We bear witness to Ivy and Fisher talking sweet nothings to each other and snuggling in bed close to each other, unsure of a lot of things and possessed of scant knowledge about the other but certain that they are meant to be together, but we also see them losing it bigtime at each other, temporarily convinced that the other person is the very worst thing about their life.
It’s not true, of course, but when you are unreasonably angry and swimming manically in your own insecurities and emotional immaturity, it’s all too easy to convince yourself that the other person is Satan in human form.
Sanity, emotional and otherwise, usually reasserts itself, but not always and The Two of Us is a delightfully reassuring take on the truth of modern relationships, where every day is a choice to keep loving that person you hold closest.
Finding your soulmate is always an inestimable joy but this transcendent discovery never exists in a vacuum and must constantly compete with the pressures of everyday life, with career and family interference and with your own flawed expression as a person.
After all, while we might aim loftily high, we often fall agonisingly short when it comes to the messy business of being alive, and loving someone else, a truth that the novel embraces wholeheartedly, honestly and with an equal mix of humour and soberly dark interludes.
The Two of Us is such a pleasure to read because it presents love as it actually is, a truthfully expressed less than elegant mashing of heartfelt good intention and dreadfully inelegant execution, which very few of us getting even remotely right and which is never as perfectly rendered as we would like it to be.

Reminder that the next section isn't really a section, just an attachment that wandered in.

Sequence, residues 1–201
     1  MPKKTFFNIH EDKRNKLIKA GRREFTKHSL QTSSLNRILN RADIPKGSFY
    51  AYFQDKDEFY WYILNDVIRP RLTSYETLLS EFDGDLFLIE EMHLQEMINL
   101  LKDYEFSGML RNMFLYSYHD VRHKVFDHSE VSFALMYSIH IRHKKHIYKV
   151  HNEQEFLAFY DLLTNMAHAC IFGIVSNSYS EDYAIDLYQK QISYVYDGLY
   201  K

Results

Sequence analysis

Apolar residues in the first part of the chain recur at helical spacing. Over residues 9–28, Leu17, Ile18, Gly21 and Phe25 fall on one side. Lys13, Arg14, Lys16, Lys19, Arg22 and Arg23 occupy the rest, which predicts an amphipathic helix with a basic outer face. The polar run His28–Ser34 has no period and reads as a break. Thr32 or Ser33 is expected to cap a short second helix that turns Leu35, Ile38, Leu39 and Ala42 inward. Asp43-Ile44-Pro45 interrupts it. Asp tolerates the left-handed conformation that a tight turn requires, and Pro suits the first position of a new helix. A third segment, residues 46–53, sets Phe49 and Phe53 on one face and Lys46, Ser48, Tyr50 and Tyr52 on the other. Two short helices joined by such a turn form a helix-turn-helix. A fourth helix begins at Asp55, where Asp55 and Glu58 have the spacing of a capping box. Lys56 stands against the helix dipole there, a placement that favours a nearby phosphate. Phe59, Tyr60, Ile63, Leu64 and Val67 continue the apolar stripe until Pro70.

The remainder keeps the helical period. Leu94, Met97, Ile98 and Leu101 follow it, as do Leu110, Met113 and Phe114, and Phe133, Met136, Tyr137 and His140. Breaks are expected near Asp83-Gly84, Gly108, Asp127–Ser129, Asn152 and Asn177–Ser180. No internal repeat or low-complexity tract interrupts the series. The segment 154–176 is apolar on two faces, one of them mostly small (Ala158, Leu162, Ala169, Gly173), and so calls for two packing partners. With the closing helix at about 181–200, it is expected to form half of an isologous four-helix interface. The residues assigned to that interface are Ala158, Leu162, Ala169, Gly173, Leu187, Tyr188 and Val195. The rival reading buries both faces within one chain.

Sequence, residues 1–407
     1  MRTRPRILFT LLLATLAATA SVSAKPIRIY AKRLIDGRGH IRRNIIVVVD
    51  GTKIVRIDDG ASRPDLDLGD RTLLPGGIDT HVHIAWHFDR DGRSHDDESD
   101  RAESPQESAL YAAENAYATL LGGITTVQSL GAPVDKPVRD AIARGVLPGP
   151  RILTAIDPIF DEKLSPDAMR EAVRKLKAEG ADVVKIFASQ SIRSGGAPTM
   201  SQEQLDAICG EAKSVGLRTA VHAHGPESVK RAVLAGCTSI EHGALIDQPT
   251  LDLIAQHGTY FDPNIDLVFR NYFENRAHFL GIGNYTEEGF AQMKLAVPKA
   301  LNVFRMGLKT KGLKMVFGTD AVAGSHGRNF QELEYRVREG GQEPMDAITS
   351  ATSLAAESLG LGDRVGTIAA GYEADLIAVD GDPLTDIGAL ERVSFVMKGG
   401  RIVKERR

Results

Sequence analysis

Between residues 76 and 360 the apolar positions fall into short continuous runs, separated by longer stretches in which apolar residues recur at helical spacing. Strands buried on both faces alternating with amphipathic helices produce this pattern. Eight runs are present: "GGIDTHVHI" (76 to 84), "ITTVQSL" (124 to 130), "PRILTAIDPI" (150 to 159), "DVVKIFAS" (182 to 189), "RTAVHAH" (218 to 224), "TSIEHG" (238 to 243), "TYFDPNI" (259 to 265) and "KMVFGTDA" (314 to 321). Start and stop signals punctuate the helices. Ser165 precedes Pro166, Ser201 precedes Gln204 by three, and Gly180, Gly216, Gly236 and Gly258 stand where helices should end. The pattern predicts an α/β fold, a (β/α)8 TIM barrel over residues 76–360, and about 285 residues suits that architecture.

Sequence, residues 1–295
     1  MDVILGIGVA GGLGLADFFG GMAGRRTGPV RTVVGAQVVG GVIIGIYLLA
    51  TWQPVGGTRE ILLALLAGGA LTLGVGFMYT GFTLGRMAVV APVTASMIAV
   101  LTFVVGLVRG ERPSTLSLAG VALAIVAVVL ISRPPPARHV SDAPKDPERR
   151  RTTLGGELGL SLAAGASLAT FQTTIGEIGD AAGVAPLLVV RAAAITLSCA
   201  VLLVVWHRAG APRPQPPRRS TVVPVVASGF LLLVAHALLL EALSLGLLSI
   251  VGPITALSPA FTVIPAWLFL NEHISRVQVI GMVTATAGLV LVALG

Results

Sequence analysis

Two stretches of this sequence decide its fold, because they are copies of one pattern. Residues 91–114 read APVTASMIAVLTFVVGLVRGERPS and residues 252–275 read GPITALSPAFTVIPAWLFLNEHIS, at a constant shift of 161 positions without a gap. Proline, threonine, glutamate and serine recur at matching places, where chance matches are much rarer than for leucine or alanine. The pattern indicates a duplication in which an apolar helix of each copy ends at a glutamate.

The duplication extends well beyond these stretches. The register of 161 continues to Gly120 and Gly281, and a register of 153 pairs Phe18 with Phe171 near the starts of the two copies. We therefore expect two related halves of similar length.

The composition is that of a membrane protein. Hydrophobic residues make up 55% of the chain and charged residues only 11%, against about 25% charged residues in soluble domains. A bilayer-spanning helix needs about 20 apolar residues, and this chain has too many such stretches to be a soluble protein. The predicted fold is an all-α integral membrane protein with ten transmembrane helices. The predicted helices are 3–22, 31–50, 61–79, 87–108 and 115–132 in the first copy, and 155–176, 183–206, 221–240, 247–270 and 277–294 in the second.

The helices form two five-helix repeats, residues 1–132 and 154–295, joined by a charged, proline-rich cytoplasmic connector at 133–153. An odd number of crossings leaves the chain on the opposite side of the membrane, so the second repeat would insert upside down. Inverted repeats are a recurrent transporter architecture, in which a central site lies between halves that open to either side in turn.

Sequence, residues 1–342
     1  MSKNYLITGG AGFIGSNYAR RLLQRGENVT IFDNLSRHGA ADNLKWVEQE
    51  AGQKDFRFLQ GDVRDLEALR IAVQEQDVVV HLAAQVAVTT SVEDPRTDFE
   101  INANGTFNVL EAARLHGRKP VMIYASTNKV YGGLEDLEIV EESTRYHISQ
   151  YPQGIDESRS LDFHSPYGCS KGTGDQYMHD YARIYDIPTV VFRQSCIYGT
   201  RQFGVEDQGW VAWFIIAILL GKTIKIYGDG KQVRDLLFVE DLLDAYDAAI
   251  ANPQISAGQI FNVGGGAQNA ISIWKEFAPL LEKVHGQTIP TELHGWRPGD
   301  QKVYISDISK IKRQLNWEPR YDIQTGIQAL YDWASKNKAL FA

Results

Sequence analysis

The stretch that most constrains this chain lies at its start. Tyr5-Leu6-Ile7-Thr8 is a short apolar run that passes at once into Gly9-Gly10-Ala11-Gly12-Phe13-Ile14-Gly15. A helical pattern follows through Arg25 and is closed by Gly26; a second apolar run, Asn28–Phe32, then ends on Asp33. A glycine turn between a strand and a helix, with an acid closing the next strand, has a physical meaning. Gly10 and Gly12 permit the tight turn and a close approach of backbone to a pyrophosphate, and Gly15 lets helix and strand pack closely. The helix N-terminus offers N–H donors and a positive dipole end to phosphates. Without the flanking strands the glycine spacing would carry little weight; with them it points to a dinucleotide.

“I [Fisher] close my eyes, and I feel like crying. This is not how it’s meant to happen. We should be wearing matching jumpers with gaudy reindeers embroidered on the fronts; we should be walking on the Common, playing Bing Crosby on the stereo, roasting chestnuts at gas mark seven. Not this; not Ivy trying to force a smile while I lie in her brother’s pungent bed, incapacitated with cold, doubt, and a hard-edged hangover.” (P. 204)
Fisher and Ivy are thoroughly likeable protagonists because they feel so real; it is hard not to identify with them because who of us hasn’t fallen in love and become convinced of the inviolable goodness of our union only to find it’s not perfect after all when life gets in the way?
Set in London, The Two of Us is a charming romp through the exhausting and exhilarating journey of love, one which will keep reading enthusiastically from beginning to end, eager to see where Ivy and Fisher land as they cling on for deal life to the rollercoaster of love, true love.
It has all kinds of lessons to impart, all of them revolving around the sage ideas that we should take those we love for granted and we should never assume they are the ones at fault because the odds are good, that it is fallible, inconsistent us mucking things up and that rather point fingers outward, we should perhaps be taking a good look inward to see if that is where the fault lies.
A love letter to love in its purest, most real, down in the trenches of life form, The Two of Us is a genuine delight, a novel which knows love can be amazing, wonderful and all the good things but which also appreciates that what comes after the falling in love can be the scariest and uncertain, but handled well, the absolute best time of your life and that you should hang in there come what may, your eye firmly on what the other person needs and wants, and reap the bounty of love lived with the rose coloured glasses firmly off.